November 5, 2005

Americas leaders fail to end free-trade stalemate

By Mary Milliken and Kevin Gray

MAR DEL PLATA, Argentina (Reuters) - Leaders from around
the Americas failed on Saturday to resolve key differences over
how to create a hemisphere-wide free trade zone during a
regional summit overshadowed by violent anti-U.S. protests.

Talks on creating the U.S.-proposed Free Trade Area of the
Americas, or FTAA, have been stalled and the Bush
administration had hoped to jump-start discussions here to
establish the world's most populous free-trade bloc.

But Chilean President Ricardo Lagos said differing views
over how to proceed persisted at the two-day summit in this
Argentine seaside resort. Officials were still working on a
final declaration and talks extended hours after a deadline.

"The point of contention is if the conditions are there for
us to negotiate. A great majority said 'Yes' but others said
'Let's wait"' until an upcoming World Trade Organization (WTO)
meeting, he said.

The United States and Mexico had been hoping to set an
April date to move the trade talks forward, a move opposed by
Argentina, Brazil, Paraguay and Uruguay.

Venezuelan President Hugo Chavez, Washington's most
aggressive antagonist in the region for his self-styled
socialist revolution, arrived at the fourth Summit of the
Americas vowing to "bury" efforts to move FTAA forward and
rallied 25,000 anti-free trade protesters on Friday.

Hours later, a separate anti-U.S. demonstration turned
violent blocks from where Bush and the 33 other leaders were

Some 200 protesters battled riot police for more than two
hours during the protest before torching a bank branch and
shattering store windows along a major boulevard in this
Argentine beach resort. Officials said 64 people were arrested
but no major injuries were reported.


U.S. National Security Advisor Stephen Hadley later told
reporters aboard Air Force One, traveling with Bush en route to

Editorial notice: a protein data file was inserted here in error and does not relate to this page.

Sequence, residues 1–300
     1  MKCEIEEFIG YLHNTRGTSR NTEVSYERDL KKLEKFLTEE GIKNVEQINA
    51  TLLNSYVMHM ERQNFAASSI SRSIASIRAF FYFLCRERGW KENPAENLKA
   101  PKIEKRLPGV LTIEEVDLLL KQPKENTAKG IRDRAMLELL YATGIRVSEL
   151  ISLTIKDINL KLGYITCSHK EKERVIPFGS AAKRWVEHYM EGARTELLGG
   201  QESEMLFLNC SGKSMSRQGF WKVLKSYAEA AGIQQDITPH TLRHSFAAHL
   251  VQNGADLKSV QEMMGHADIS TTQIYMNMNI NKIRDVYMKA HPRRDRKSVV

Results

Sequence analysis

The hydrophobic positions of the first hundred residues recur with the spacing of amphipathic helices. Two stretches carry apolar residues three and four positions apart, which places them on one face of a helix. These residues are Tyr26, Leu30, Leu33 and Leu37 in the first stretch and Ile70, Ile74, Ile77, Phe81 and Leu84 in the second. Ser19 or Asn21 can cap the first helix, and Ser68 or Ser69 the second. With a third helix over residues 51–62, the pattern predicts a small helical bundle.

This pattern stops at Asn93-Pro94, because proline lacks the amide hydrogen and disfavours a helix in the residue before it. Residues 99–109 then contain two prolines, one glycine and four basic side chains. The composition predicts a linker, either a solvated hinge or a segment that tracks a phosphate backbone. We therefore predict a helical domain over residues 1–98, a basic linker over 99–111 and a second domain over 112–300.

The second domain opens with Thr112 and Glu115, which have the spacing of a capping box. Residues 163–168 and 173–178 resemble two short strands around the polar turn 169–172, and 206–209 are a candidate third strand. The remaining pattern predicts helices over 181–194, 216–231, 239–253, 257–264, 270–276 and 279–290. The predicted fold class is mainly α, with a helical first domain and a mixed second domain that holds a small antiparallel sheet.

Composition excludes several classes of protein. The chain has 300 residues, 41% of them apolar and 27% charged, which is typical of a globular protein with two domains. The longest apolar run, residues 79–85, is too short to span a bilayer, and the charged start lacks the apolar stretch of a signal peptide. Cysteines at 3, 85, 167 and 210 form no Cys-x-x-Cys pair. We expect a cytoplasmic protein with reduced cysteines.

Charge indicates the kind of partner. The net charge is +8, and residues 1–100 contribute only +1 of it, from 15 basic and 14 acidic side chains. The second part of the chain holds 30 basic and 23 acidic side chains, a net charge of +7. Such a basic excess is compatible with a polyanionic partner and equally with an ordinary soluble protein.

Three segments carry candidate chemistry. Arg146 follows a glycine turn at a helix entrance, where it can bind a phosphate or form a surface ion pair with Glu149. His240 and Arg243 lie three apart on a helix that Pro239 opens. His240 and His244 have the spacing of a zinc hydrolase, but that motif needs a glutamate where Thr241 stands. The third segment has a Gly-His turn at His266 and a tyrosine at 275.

Brazil, that although no accord was reached, progress was still
made in the bid to create a free-trade zone stretching from
Alaska to Argentina.

"It's not deadlocked," Hadley said. "We went from a summit
that was supposed to bury FTAA to a summit in which all 34
countries actually talked in terms of exchanged trade and the

Hadley added: "There is nothing in stone that says any time
leaders get together, they have to have a communique."

He said Bush listened as well as expressed the U.S. view.

"His approach is to not to try and dominate but to
participate as one of equals and listen, and that's what he
did," Hadley said. "At critical times he made his views
obviously clear."

Bush and Chavez did not interact at the meetings. "Their
paths did not cross," Hadley said.

Although not outrightly opposed to FTAA like Chavez,
leaders from Latin America's big agricultural economies Brazil
and Argentina have also voiced concern over any free trade
deal, complaining about U.S. farm subsidies.

"Free trade is very important if we respect equality among
nations," Brazilian President Luiz Inacio Lula da Silva told
reporters. He added that it was "not opportune" to discuss FTAA
before a crucial WTO meeting next month in Hong Kong where
subsidies would be a key issue.

Bush's stop in Brazil is the second part of a Latin
American trip that will also include a stop in Panama.

Ahead of his arrival, police in Sao Paulo fired tear gas
and used batons to disperse a crowd of about 1,000 people
protesting in the city center against Bush's visit.

The march began peacefully with protesters shouting "Go
home Bush!" as they streamed along Avenida Paulista, the main
business district boulevard, between two U.S. bank branches.
Police responded after some protesters began throwing rocks.

In comments to reporters in Mar del Plata, Lagos suggested
that talks between regional leaders had at times been tense.

"Something happened here that rarely happened in other
meetings: the call to speak out loud was taken up by everyone,"
Lagos said. "At times, we all talked out loud, perhaps too
loud, but it made the meeting that more interesting.

(Additional reporting by Paulina Modiano, Steve Holland,
Tabassum Zakaria, Guido Nejamkis and Cesar Illiano in Mar del